Imagine this. A justice system is part of civilization right? But when you consider the justice system to BE civilization, I think you would not like the results.

              Don't confuse the means with the end. The tool with the goal.

              There is nothing wrong with speculation, there is something wrong with

        • Re:Bullshit (Score:4, Interesting)

          by maxwell demon (590494) on Saturday June 12, 2010 @10:30AM (#32549862) Journal

          Well, if the stock exchange is used as a casino, maybe they should use the same rule casinos use: If you win too much, you are not allowed to continue playing.

          • Re:Bullshit (Score:4, Interesting)

            by GlassHeart (579618) on Saturday June 12, 2010 @05:09PM (#32552770) Journal
            Better yet, tax the earnings as gambling winnings, not capital gains. Unless they're actually investing (taking significant risks with capital) in the real economy, I don't see why we should reward them with a tax rate below normal income taxes from sweat-of-the-brow work.
            • that, and... (Score:3, Interesting)

              by zogger (617870)

              ...charge a normal goods sales tax on the transaction. Why should stock sales be different from selling anything else? That will slam the kabosh on these fast computer trades.

              • Re: (Score:3, Insightful)

                by shmlco (594907)

                Ditto. There was talk a while back of charging $0.25 a share per transaction. Doing so would discourage flipping stocks just because it rose ten cents.

                I also like the idea of dropping capital gains taxes on stocks held longer than a couple of years. Do that, and you encourage long-term investment in worthwhile companies.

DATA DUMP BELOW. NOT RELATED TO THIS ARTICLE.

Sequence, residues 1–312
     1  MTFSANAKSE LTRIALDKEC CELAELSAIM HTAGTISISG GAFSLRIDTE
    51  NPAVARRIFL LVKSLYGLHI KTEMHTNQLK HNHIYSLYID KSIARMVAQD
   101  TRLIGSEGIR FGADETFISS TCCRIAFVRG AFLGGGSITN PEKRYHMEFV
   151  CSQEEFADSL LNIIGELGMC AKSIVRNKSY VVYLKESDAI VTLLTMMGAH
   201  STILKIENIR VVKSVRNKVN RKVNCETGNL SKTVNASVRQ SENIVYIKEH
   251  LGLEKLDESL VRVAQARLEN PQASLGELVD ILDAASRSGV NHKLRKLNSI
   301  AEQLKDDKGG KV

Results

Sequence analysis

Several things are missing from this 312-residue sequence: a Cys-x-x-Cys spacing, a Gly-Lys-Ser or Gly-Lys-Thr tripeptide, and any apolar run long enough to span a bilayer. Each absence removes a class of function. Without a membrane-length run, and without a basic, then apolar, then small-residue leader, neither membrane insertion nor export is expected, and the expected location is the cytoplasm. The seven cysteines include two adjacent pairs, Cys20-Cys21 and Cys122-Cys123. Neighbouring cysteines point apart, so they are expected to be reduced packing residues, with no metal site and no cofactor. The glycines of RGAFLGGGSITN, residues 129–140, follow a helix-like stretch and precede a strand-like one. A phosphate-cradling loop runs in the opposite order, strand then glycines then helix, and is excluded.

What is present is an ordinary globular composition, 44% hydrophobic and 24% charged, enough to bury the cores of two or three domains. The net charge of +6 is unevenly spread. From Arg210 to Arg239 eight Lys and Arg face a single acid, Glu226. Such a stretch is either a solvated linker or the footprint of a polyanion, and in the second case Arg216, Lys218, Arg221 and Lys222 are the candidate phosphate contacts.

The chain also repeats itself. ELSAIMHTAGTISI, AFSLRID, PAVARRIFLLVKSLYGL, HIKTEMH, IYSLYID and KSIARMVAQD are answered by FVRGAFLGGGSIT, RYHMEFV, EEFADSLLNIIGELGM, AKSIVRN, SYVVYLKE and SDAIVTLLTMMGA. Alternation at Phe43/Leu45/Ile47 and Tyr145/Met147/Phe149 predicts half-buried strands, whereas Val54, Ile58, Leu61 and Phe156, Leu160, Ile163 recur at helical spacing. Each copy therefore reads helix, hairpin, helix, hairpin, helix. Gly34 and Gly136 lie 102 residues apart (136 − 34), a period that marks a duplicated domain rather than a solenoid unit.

Better yet, do both.

      • Re:Bullshit (Score:5, Interesting)

        by foobsr (693224) on Saturday June 12, 2010 @09:59AM (#32549590) Homepage Journal
        The free market is better than anything else ...

        Exactly; especially when taxpayers worldwide are free to pay billions to revive banks and companies are free to take shortcuts every way they want (if things get really bad, there is always chapter 11).

        CC.
        • Re:Bullshit (Score:4, Insightful)

          by Sir_Lewk (967686) <sirlewk.gmail@com> on Saturday June 12, 2010 @10:34AM (#32549894)

          especially when taxpayers worldwide are free to pay billions to revive banks

          What in the world makes you think insanity like that qualifies as "free market"?

      • Re:Bullshit (Score:5, Funny)

        by mustafap (452510) on Saturday June 12, 2010 @10:01AM (#32549606) Homepage

        >The free market is better than anything else

        Citation required.

      • Re:Bullshit (Score:5, Insightful)

        by hedwards (940851) on Saturday June 12, 2010 @10:02AM (#32549610)
        Bullshit. The free market is what led us to the brink of economic collapse. Short term trading is probably the largest factor in the rather routine occurrence of market failures. Because the average period for holding a stock is around 6 months, there's no incentive for corporations to look any further into the future. Even when the risk is terribly obvious they don't do anything to avert it. There's been a steady drumbeat in recent decades for fewer dividends and more growth. The problem is that dividends are paid to investors as a way of keeping them around, and as it turns out it's a lot harder to have steady growth and a regular dividend than it is to grow for periods.

        And actually you've got it backwards, if you've got a massive portfolio then you should be required to wait longer than smaller investors. Small investors cause far fewer problems in this respect that institutional ones do. They can do crazy things like sell a portion of their holdings triggering a panic, then buy them back knowing what the price will be in a few moments time. The suggestion you're making that they don't harm everybody else is ultimately bullshit.
        • Re:Bullshit (Score:4, Insightful)

          by roman_mir (125474) on Saturday June 12, 2010 @10:43AM (#32549938) Homepage Journal

          Bullshit. The free market is what led us to the brink of economic collapse.

          - out of the mouth of a guy who looks like does not even understand what money actually is.